4. Barro, R.J., 1989. "Economic Growth In A Cross Section Of Countries," RCER Working Papers 201, University of Rochester - Center for Economic Research (RCER).
  5. Mankiw, N Gregory & Romer, David & Weil, David N, 1992. "A Contribution to the Empirics of Economic Growth," The Quarterly Journal of Economics, MIT Press, vol. 107(2), pages 407-37, May.
  6. Xavier X. Sala-i-Martin, 1997. "I Just Ran Four Million Regressions," NBER Working Papers 6252, National Bureau of Economic Research, Inc.
  7. William Easterly & Michael Kremer & Lant Pritchett & Lawrence H. Summers, 1993. "Good Policy or Good Luck? Country Growth Performance and Temporary Shocks," NBER Working Papers 4474, National Bureau of Economic Research, Inc.
  8. Stephen Knack & Philip Keefer, 1995. "Institutions And Economic Performance: Cross-Country Tests Using Alternative Institutional Measures," Economics and Politics, Wiley Blackwell, vol. 7(3), pages 207-227, November.
  9. King, Robert G. & Levine, Ross, 1993. "Finance and growth : Schumpeter might be right," Policy Research Working Paper Series 1083, The World Bank.
  10. Jonathan Temple, 1999. "The New Growth Evidence," Journal of Economic Literature, American Economic Association, vol. 37(1), pages 112-156, March.
  11. Carmen M. Reinhart & Kenneth S. Rogoff, 2002. "The Modern History of Exchange Rate Arrangements: A Reinterpretation," NBER Working Papers 8963, National Bureau of Economic Research, Inc.
  12. King, Robert G. & Levine, Ross, 1993. "Finance and growth : Schumpeter might be right," Policy Research Working Paper Series 1083, The World Bank.
  13. Tavares, Jose & Wacziarg, Romain, 2001. "How democracy affects growth," European Economic Review, Elsevier, vol. 45(8), pages 1341-1378, August.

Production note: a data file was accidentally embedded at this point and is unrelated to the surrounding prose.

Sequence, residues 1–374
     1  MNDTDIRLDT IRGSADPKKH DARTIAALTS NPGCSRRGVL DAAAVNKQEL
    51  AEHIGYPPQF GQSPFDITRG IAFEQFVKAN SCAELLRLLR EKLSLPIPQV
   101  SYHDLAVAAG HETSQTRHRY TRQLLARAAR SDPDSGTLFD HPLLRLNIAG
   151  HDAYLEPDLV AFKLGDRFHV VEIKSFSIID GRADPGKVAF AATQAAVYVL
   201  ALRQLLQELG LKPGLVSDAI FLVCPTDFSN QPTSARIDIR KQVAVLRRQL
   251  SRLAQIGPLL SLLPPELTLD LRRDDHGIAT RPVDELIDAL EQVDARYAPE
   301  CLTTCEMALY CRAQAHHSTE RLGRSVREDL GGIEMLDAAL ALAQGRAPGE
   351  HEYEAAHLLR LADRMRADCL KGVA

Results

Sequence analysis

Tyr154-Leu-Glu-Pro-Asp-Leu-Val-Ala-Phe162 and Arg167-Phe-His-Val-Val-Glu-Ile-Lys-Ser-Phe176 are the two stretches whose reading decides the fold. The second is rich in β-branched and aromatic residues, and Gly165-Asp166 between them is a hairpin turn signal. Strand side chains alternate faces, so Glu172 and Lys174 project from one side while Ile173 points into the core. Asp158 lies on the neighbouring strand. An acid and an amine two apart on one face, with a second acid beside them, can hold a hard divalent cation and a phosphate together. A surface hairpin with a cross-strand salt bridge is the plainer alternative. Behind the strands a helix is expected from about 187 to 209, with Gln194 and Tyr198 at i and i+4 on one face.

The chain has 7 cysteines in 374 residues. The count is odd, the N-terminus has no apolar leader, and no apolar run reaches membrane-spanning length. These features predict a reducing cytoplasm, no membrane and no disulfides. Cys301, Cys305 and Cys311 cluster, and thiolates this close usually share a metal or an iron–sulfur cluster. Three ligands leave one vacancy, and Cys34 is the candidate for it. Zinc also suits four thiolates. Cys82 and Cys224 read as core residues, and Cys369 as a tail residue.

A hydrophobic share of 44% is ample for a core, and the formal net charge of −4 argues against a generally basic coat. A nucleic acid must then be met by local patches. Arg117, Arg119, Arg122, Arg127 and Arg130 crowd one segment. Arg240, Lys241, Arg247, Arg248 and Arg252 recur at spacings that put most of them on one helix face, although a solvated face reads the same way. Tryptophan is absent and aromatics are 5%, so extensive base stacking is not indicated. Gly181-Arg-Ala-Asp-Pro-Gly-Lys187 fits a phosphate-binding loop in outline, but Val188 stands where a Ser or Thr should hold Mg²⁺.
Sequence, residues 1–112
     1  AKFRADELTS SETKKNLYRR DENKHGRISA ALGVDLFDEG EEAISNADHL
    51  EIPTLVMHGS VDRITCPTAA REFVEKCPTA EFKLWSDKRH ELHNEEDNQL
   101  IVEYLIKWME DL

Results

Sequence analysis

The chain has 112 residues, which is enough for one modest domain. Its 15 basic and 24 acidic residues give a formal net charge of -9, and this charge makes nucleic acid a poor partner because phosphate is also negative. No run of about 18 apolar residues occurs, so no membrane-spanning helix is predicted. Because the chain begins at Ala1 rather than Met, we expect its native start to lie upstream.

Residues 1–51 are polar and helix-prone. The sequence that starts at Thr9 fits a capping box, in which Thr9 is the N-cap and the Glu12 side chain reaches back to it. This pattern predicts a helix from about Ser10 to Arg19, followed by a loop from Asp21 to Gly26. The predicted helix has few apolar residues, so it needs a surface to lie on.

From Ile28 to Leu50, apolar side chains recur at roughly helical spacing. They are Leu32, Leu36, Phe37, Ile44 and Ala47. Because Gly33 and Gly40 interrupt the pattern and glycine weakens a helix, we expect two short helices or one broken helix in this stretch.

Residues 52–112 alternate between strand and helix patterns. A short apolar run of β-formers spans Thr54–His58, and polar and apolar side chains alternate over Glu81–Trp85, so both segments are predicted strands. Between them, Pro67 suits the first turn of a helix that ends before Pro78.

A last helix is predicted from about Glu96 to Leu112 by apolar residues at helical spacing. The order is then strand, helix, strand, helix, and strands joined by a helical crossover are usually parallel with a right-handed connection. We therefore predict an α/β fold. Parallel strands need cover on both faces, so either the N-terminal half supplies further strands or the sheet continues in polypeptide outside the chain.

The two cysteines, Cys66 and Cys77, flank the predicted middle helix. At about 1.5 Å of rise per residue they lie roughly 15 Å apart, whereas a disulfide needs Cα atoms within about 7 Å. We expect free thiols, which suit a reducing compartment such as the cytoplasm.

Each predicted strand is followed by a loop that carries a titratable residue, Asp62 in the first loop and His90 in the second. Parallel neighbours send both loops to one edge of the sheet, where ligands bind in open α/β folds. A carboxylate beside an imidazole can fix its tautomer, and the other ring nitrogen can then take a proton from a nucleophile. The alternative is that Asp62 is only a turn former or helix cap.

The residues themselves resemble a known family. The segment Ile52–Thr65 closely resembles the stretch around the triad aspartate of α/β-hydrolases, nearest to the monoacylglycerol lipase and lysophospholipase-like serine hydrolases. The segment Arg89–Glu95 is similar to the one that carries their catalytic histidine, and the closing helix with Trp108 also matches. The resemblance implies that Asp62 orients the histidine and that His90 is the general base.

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Citations

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Cited by:
  1. Juan Zalduendo, 2005. "Pace and Sequencing of Economic Policies," IMF Working Papers 05/118, International Monetary Fund.
  2. Judith Gold & Ruben Atoyan & Cornelia Staritz, 2007. "Guyana," IMF Working Papers 07/86, International Monetary Fund.
  3. Helmut Hofer & Torsten Schmidt & Klaus Weyerstrass, 2011. "Practice and Prospects of Medium-term Economic Forecasting," Journal of Economics and Statistics (Jahrbuecher fuer Nationaloekonomie und Statistik), Justus-Liebig University Giessen, Department of Statistics and Economics, vol. 231(1), pages 153-171, February.
  4. Felipe, Jesus & Kumar, Utsav & Abdon, Arnelyn, 2012. "Using capabilities to project growth, 2010–2030," Journal of the Japanese and International Economies, Elsevier, vol. 26(1), pages 153-166.
  5. Biljana Petkovska, 2008. "Estimation of the investment function for the Republic of Macedonia," Working Papers 2008-04, National Bank of the Republic of Macedonia.
  6. Tobias Kitlinski & Torsten Schmidt, 2011. "The Forecasting Performance of an Estimated Medium Run Model," Ruhr Economic Papers 0301, Rheinisch-Westfälisches Institut für Wirtschaftsforschung, Ruhr-Universität Bochum, Universität Dortmund, Universität Duisburg-Essen.